Wilton Region Certified Forest Therapist Guide seeks to reconnect people with nature

WILTON — Kandi Karkos is now a certified forest therapy guide, a new calling for a woman who has always loved nature.

As a certified forest therapy guide, Karkos offers individual or group walks. Walks can be arranged in the Wilton area, on a person’s property or at another agreed location.

“Forest therapy is based on the Japanese practice of ‘Shinrin Yoku,’ which literally means forest bathing and translates to soaking up the atmosphere of the forest,” Karkos said. “It happened because people are stressed beyond imagination. A 1980 study in Japan found that when people went into the forest, cortisol levels decreased, happiness increased, depression and tension lowered. It’s all based on science.

Kandi Karkos of Wilton is a Certified Forest Therapy Guide. The science-based program reconnects people with nature and provides a number of health benefits. Photo submitted

Karkos’ website, reconnectwithnatureandyourself.com, lists additional benefits of forest therapy: it boosts the immune system, speeds healing after illness, decreases stress and anxiety, and improves sleep and mental clarity.

As Nutrition Services Coordinator, Karkos oversees food and nutrition services at North Country Associates long-term care facilities in Maine. She may be the only certified forest therapy guide in the state.

Karkos is also a Maine Professional Guide, a Maine Registered Hunting and Recreational Guide, and is certified in Wilderness First Aid. Her latest certification is through the Association of Nature and Forest Therapy.

After seeing something about the program on Facebook, Karkos started Googling “nature”. “I love being in nature, that’s where I’m happy,” she said in a recent interview. “I came across the Association of Nature and Forest Therapy website and was like, ‘Oh my God, that’s totally me!’ I took a chance assuming it was real and six months later I’m certified.

“I walked into it,” she said.

Amos Clifford is a wilderness guide and therapist who wanted to do something to help people, Karkos said. “He went to Japan, created the program,” she said. “He has forest therapy guides in 60 countries. It’s just fine.

Before COVID-19, there was a one-week intensive study period, but it has changed to once a week for six months online, Karkos said. Students do their homework outside where they are and at the end of the course take part in one of the four-day immersions available “around the world”, she said.

“I chose Colorado because my little brother lives there,” Karkos said.

“As a certified forest therapy guide, I take people out into nature,” she said. “By taking someone into the woods, I get people to reconnect with nature. Long ago, the “fight or flight response” was the only time cortisol was elevated. Now he gets uplifted all the time by a variety of things.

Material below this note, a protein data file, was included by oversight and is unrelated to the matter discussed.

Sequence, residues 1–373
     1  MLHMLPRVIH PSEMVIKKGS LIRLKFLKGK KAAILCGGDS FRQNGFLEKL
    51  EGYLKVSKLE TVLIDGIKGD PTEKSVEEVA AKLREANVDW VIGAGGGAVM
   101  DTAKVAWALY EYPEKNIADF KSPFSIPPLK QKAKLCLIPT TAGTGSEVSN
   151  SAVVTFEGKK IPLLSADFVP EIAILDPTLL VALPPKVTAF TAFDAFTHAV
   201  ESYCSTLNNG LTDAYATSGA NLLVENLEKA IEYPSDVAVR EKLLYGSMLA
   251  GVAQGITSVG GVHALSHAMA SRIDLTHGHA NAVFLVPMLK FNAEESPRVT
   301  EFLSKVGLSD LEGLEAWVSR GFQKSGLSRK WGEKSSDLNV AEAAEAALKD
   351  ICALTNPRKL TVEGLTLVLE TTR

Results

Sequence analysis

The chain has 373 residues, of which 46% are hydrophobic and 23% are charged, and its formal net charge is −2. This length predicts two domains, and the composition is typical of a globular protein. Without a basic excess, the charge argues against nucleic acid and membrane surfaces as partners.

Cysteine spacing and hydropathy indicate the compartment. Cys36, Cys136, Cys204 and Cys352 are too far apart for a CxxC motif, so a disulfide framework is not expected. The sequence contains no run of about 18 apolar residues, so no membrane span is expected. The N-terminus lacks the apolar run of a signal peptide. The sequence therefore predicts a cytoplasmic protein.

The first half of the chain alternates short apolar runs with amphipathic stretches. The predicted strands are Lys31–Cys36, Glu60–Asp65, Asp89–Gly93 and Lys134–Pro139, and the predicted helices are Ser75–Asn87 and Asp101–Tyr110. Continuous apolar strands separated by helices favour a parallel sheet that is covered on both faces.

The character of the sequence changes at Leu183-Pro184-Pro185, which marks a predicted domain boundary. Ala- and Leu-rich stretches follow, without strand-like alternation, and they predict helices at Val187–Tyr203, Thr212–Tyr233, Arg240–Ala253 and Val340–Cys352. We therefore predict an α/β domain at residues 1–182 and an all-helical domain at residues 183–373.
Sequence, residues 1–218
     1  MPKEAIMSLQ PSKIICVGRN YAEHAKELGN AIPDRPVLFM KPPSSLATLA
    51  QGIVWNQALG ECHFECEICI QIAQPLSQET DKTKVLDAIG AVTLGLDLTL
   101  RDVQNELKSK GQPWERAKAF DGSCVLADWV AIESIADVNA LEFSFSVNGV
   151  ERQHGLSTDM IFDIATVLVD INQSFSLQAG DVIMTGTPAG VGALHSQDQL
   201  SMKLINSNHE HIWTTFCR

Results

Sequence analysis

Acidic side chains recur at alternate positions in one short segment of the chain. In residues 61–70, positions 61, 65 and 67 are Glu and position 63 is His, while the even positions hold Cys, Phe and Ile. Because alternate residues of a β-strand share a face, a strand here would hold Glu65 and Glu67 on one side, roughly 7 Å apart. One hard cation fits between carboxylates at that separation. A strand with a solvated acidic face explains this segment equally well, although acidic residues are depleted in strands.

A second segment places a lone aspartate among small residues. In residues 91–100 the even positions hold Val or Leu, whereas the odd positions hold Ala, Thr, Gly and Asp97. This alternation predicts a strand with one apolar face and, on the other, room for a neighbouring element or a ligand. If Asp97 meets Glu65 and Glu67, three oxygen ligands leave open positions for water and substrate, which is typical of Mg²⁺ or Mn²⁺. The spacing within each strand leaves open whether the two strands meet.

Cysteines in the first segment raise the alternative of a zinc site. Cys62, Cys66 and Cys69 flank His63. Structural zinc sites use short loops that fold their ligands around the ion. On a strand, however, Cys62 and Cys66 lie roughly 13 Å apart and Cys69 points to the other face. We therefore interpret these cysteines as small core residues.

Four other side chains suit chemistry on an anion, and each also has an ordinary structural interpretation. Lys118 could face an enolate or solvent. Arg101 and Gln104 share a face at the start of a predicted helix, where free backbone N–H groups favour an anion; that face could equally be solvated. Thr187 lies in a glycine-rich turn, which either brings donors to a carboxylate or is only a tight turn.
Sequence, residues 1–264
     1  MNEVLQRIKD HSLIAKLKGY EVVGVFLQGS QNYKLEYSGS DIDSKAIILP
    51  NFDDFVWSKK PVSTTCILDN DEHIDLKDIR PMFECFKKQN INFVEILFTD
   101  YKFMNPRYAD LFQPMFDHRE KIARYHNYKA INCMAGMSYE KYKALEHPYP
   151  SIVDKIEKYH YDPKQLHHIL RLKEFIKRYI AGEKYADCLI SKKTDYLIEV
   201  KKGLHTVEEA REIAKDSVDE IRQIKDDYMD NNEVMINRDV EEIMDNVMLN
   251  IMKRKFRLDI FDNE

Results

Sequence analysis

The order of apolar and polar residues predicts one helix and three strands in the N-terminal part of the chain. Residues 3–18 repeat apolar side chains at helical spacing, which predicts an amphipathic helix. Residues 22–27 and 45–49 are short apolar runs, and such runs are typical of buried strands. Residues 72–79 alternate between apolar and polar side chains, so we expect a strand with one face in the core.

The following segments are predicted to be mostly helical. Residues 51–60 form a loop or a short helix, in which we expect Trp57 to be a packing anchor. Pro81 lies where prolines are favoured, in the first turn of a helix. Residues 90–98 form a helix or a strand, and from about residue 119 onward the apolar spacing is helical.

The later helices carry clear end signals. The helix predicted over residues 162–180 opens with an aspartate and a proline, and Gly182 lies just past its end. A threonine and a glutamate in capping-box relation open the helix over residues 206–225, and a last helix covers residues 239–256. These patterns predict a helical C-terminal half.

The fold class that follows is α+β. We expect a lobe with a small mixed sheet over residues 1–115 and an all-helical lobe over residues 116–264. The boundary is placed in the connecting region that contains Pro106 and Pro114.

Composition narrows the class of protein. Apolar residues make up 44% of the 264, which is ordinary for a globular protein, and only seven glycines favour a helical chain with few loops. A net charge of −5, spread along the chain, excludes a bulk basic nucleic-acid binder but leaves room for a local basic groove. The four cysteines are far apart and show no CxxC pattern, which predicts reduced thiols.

People tend to go from point A to point B and back without stopping, Karkos noted. On a recent walk with a client at Thorncrag Sanctuary in Lewiston, she said they may have walked half a mile, looked at everything around them, used all their senses.

“When you use all of your senses, you communicate with nature, hear things, what nature might tell you,” she said.

Karkos walks focus first on the “pleasure of presence,” a form of meditation that leads people to calm down and notice their breathing. Next is ‘what’s in motion’ or walking very slowly to notice nature, such as spiders in their webs, trails of mice or the way some leaves twist while others ripple, she noted. . After each phase, Karkos stops and asks participants to share what they notice.

“Some have an epiphany, some take it silently, you can do whatever your body wants to do,” she said. When a really cool tree is seen, she encourages using all of your senses to figure out what the tree might have to offer the viewer. Exploring rocks and sharing memories are other ways to connect with nature, Karkos noted.

“We don’t go very far, but explore so much,” she said. “You can feel your body relaxing. Some people are afraid to be in the woods, the guide is their safety.

A tea service at the end of each walk allows participants to share what they have learned and are grateful for.

Karkos emphasizes that the program is not therapy and that she is not a therapist. “The Association of Nature and Forest Therapy has a saying – ‘The forest is the therapist, the guide opens the door. We let you in,'” she said.

Trees are cut down like crazy for construction and other purposes that stand out from Karkos. She hopes to encourage people to care more and reconnect.

“I’m so worried about the world, we need it,” Karkos said. “Children have lost this contact with nature.

“I think that’s what I was supposed to do.”

For more information, call Karkos at 207-754-0742 or email [email protected]

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